“It makes sense for manufacturers because digital shoppers are not always digital buyers,” he said. “They may research it online and then buy it at the store. It’s collateral for what you’re doing on the brick and mortar side. Creating a strong alliance with an e-commerce provider will increase your supplier power and reduce cherry-picking. We try to offer a consistent brand offering for each and every one of the brands. We’re not offering a replacement brand for an original part they’re looking for.

“This is an opportunity to increase your addressable market to a global scale without infrastructure development. There’s an ability to test new products in the marketplace without inventory investment. So you can decide what it is you want, play around with pricing, and do that before you make a giant investment on the brick and mortar side.

“Suppliers need to recognize that e-commerce is a new channel that is accretive to their existing business. People are buying online no matter what. It’s just happening.”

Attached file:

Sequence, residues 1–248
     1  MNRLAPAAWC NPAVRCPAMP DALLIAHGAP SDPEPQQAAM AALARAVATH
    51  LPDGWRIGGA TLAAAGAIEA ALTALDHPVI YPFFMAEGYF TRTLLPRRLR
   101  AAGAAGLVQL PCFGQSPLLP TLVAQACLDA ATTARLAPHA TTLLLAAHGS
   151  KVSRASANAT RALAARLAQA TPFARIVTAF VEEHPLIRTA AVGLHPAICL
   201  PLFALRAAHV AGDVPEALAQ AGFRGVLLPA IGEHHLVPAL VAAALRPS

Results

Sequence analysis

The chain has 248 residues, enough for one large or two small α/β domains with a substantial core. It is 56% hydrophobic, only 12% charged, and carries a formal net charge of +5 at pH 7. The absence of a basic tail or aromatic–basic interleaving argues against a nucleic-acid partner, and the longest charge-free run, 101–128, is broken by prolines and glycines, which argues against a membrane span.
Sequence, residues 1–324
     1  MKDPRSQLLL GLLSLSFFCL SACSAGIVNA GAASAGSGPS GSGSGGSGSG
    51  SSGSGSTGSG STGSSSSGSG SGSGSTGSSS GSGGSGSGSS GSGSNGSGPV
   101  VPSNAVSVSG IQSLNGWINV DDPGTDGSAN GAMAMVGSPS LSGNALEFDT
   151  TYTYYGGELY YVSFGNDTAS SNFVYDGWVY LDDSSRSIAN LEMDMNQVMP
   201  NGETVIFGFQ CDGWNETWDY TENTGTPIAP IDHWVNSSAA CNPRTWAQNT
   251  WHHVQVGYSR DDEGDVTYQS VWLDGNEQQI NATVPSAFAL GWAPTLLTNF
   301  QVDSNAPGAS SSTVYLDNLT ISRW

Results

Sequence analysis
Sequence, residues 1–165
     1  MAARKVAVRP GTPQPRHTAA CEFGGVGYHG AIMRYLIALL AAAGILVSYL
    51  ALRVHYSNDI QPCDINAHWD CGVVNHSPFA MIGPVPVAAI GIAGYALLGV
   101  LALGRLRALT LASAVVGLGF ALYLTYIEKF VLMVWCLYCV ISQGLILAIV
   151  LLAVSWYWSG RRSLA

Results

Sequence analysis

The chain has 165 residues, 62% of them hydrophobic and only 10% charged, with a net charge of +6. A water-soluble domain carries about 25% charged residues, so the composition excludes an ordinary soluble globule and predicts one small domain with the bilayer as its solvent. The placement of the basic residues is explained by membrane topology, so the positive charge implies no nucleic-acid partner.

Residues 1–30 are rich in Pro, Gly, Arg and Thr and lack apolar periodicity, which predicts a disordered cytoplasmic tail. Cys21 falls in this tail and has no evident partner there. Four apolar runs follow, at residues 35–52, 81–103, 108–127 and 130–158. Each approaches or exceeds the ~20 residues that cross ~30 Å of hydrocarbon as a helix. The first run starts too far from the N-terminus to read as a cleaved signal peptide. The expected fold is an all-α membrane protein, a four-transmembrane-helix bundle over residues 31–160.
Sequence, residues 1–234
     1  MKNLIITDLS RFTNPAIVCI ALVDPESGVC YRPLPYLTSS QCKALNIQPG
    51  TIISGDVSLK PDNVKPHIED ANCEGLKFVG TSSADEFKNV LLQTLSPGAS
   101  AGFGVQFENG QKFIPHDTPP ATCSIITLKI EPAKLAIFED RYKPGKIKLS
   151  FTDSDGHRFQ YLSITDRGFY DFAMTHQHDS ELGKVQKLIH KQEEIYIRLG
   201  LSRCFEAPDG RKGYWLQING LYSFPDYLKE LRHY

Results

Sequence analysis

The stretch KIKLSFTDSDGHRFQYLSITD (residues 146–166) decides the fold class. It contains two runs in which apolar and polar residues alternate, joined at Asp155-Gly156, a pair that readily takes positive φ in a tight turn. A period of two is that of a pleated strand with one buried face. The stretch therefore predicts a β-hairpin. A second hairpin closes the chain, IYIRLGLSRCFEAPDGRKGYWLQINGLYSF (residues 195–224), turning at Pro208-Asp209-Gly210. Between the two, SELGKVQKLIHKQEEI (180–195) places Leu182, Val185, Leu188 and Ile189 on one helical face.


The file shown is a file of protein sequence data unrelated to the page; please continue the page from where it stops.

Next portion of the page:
Innovations launched

WHI solutions has started its heavy-duty aftermarket e-catalog project, according to Andy Schuurs, sales manager for WHI solutions.

Schuurs, who has 26 years of software sales and marketing experience in the automotive aftermarket, the e-catalog has data sent by 750 parts manufacturers, along with 7.4 million SKUs, 3.9 million images, and 4.7 million interchanges.

“It’s modeled after our aces automotive parts catalog, which has 435,000 users,” he said. “We’re going to take that user interface and the heavy-duty data and try to get as far as we can with year, make and model. Our goal is to have a user-friendly look and feel, so if a user is connected to a distributor, that distributor might have auto and truck parts. If you have Nexpart and the brands you carry are in there, your customers can go to the same catalog and look up a part for a car and for a heavy-duty truck. That’s the goal. You might think we’re crazy but that’s what we’re trying to do. We’ve already loaded 250,000 parts. Early adopters already sent us data.